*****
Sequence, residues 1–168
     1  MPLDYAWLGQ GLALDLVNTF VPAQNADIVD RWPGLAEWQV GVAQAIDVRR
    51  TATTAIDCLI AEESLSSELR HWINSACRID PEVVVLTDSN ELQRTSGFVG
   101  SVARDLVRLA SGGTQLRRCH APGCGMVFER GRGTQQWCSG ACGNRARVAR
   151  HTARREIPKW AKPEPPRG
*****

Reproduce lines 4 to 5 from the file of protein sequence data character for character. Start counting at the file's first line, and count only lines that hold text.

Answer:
   101  SVARDLVRLA SGGTQLRRCH APGCGMVFER GRGTQQWCSG ACGNRARVAR
   151  HTARREIPKW AKPEPPRG